I think two things happened in Oak­land. We’re in the cen­ter of the Bay Area, so it’s easy for people to just get on a BART [Bay Area Rap­id Trans­it] and show up here. Since the World Trade con­fer­ence in Seattle [in 1999], there have been groups of an­arch­ists float­ing around.

A lot us agreed with the goals of Oc­cupy—with fight­ing what’s hap­pen­ing in Amer­ica, this huge gap between the rich and poor. I was in the first march. But on that first march, already the an­arch­ists were tak­ing over and wouldn’t let the uni­on lead­ers and oth­ers use their mi­cro­phone sys­tem. And I real­ized we were go­ing to have a prob­lem. The ac­tu­al evac­u­ation [of act­iv­ists from the en­camp­ment in Frank Ogawa Plaza] was pretty peace­ful. Then a very small group of very vi­ol­ent an­arch­ists cre­ated a po­lice ri­ot.

By the end, Oc­cupy had very few loc­al lead­ers. When they smashed the win­dows of the Obama cam­paign of­fices in Oak­land, that was prob­ably the last straw; they showed that they didn’t sup­port any­thing, they were against, against, against. Too many of the Oc­cupy people had not a clue about this city and how much harm they were do­ing to the loc­al eco­nomy. They thought they were be­ing re­volu­tion­ar­ies. We think they were very re­ac­tion­ary. If you want to find people who are work­ing on race, who are work­ing on af­ford­able hous­ing, the en­vir­on­ment—all of that hard work of tak­ing pro­gress­ive ideas and ac­tu­ally mak­ing them in­to gov­ern­ment policy hap­pens in this city every day.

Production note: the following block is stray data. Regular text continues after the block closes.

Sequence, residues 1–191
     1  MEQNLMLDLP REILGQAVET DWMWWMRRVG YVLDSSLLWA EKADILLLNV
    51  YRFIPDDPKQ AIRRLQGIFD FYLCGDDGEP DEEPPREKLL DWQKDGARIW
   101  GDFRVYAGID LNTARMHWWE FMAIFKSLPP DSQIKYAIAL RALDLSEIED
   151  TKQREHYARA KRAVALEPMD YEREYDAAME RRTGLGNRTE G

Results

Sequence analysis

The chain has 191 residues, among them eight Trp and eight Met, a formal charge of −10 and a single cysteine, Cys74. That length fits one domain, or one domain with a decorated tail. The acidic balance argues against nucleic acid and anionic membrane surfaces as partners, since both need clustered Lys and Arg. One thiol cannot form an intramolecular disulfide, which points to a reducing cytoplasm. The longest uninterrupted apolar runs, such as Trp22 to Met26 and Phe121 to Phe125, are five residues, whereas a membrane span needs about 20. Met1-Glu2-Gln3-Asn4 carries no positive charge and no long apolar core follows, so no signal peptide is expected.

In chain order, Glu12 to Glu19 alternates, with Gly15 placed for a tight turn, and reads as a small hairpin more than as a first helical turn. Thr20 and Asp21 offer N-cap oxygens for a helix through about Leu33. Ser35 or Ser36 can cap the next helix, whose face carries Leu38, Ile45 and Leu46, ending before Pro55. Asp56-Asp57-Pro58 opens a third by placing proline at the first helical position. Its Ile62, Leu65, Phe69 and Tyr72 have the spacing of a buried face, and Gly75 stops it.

What We're Following See More »
GOP Budget Chiefs Won’t Invite Administration to Testify
1 days ago

The administration will release its 2017 budget blueprint tomorrow, but the House and Senate budget committees won’t be inviting anyone from the White House to come talk about it. “The chairmen of the House and Senate Budget committees released a joint statement saying it simply wasn’t worth their time” to hear from OMB Director Shaun Donovan. Accusing the members of pulling a “Donald Trump,” White House spokesman Josh Earnest said the move “raises some questions about how confident they are about the kinds of arguments that they could make.”

Snowstorm Could Impact Primary Turnout
23 hours ago

A snowstorm is supposed to hit New Hampshire today and “linger into Primary Tuesday.” GOP consultant Ron Kaufman said lower turnout should help candidates who have spent a lot of time in the state tending to retail politicking. Donald Trump “has acknowledged that he needs to step up his ground-game, and a heavy snowfall could depress his figures relative to more organized candidates.”

A Shake-Up in the Offing in the Clinton Camp?
18 hours ago

Anticipating a primary loss in New Hampshire on Tuesday, Hillary and Bill Clinton “are considering staffing and strategy changes” to their campaign. Sources tell Politico that the Clintons are likely to layer over top officials with experienced talent, rather than fire their staff en masse.

Trump Is Still Ahead, but Who’s in Second?
5 hours ago

We may not be talking about New Hampshire primary polls for another three-and-a-half years, so here goes:

  • American Research Group’s tracking poll has Donald Trump in the lead with 30% support, followed by Marco Rubio and John Kasich tying for second place at 16%. On the Democratic side, Bernie Sanders leads Hillary Clinton 53%-41%.
  • The 7 News/UMass Lowell tracking poll has Trump way out front with 34%, followed by Rubio and Ted Cruz with 13% apiece. Among the Democrats, Sanders is in front 56%-40%.
  • A Gravis poll puts Trump ahead with 28%, followed by Kasich with 17% and Rubio with 15%.